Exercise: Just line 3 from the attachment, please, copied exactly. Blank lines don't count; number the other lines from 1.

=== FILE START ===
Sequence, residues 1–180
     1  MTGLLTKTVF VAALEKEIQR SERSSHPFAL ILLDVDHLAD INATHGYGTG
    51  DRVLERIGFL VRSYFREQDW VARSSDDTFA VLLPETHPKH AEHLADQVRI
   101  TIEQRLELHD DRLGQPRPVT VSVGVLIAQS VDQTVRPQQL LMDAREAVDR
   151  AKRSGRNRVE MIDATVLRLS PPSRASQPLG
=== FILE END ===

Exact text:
    51  DRVLERIGFL VRSYFREQDW VARSSDDTFA VLLPETHPKH AEHLADQVRI